"I think no matter which candidate wins, the political polarization is only going to get worse," American University presidential historian Allan Lichtman said.
In light of the partisan split, Lichtman also said that he believes many Democrats will have a hard time accepting a Trump victory if that is what happens on Tuesday.
"Donald Trump has demeaned so many people in America and even said he would lock up his opponent if he gets elected, and I think many Clinton supporters are not going to accept the legitimacy of a Donald Trump presidency," he said.
But for many Republicans, a Clinton victory could easily antagonize Trump supporters and lead to post-election challenges, Republican analyst Scot Faulkner said. "She is totally disingenuous and again, one of the most, not just singly corrupt, but insincere people to ever get the nomination of a major party," he said.
Democratic presidential candidate Hillary Clinton speaks during a campaign rally, Nov. 6, 2016, in Manchester, N.H.
Faulkner adds that many Republicans in Congress will face grass roots pressure not to cooperate with Clinton if she wins. "And those that will, will be branded as turncoats and will face the wrath in 2018."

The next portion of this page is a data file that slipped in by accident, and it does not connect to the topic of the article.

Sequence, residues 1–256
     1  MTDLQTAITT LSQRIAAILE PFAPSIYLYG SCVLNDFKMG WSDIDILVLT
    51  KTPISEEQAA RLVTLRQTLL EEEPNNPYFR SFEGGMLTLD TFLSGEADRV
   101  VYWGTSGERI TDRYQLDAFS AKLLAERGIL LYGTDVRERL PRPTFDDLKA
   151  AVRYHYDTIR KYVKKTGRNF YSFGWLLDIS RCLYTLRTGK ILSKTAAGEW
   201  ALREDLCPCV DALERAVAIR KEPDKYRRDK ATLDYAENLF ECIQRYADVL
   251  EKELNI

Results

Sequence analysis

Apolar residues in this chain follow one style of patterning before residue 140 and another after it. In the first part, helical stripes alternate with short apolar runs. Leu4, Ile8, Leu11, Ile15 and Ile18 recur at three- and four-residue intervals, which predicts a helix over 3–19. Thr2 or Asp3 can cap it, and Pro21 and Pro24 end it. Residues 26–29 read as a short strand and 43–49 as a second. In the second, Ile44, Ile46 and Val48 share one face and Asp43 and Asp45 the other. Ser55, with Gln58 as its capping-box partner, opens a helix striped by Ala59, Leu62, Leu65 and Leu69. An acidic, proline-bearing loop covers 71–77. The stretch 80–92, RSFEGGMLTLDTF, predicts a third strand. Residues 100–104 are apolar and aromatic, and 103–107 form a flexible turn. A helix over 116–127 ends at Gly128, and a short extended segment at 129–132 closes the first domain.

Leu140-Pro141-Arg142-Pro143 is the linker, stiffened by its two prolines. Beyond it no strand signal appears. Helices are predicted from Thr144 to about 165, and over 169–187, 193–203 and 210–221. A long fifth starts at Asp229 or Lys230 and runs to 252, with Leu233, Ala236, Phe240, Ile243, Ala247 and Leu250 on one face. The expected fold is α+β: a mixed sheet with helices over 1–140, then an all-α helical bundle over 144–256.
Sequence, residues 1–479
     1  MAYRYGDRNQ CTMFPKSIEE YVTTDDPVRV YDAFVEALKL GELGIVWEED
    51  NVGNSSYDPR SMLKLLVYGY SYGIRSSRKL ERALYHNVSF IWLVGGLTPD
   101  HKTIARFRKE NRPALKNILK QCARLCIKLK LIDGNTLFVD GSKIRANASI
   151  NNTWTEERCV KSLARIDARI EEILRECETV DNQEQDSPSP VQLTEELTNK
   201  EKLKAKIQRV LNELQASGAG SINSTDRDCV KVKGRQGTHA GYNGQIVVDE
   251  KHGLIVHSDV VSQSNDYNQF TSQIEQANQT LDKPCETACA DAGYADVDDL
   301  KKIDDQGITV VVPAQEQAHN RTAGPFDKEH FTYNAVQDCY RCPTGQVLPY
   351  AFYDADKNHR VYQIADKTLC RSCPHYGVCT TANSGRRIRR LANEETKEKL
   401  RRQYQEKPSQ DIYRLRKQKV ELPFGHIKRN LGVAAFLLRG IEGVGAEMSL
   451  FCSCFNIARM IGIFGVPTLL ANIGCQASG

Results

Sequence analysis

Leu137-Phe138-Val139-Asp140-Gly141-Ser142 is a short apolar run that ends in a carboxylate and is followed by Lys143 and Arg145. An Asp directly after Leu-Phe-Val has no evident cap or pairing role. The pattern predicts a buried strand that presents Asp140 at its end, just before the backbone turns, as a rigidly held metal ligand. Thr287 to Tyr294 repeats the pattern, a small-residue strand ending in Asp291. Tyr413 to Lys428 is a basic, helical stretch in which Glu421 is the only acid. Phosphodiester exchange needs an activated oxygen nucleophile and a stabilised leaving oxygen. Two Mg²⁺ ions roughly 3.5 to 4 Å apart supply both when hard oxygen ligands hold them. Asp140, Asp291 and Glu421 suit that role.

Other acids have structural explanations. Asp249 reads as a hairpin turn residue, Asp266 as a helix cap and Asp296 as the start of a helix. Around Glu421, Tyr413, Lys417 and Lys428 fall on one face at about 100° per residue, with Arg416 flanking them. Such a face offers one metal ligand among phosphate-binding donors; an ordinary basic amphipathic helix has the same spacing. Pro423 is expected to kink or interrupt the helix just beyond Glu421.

The Washington Post reported Friday that some Republicans are even discussing the prospect of trying to impeach Clinton if she wins, either related to the email controversy or because of questions raised about the fund-raising practices of the Clinton Foundation. Even if that is just talk, it plays into the partisan mood that will face whoever wins on Tuesday.
For many experts, the bigger question is how does the next president move to heal the political wounds in the country after one of the most divisive and nasty elections campaigns in U.S. history?
"They are going to have to work at bridging those gaps and bringing people together," said historian Lee Edwards at the Heritage Foundation, who has written extensively about the history of conservative politics. "It is going to be incumbent upon them because, after all, either one of them is going to be president of all the people."
Supporters of Democratic presidential candidate Hillary Clinton hold up signs at a rally, Nov. 5, 2016, in Pembroke Pines, Fla
A pessimistic public
A New York Times/CBS News poll found that 82 percent of those surveyed said this year's election campaign has left them feeling "disgusted."
The poll also indicates that both White House hopefuls will have a major challenge in trying to unite the country post-election. Forty percent said Clinton would be able to, but 57 percent said no. In the case of Trump, only 34 percent said he was capable of uniting the country, while 63 percent said no.
Republican strategist Feehery also said Tuesday's winner should consider being restrained in victory.
"I think it is important for whoever is elected to not over-read their mandate and to understand that essentially at the core what they have to do is heal the country, get stuff done for the American people and prove that this government can work," he said.
After more than a year of debates, primaries and speeches, a divisive campaign is drawing to a close.
The American people are about to render their judgment, and how the winner and loser handle Tuesday's results will be closely watched by the voters on both sides of the political divide -- and by the entire world.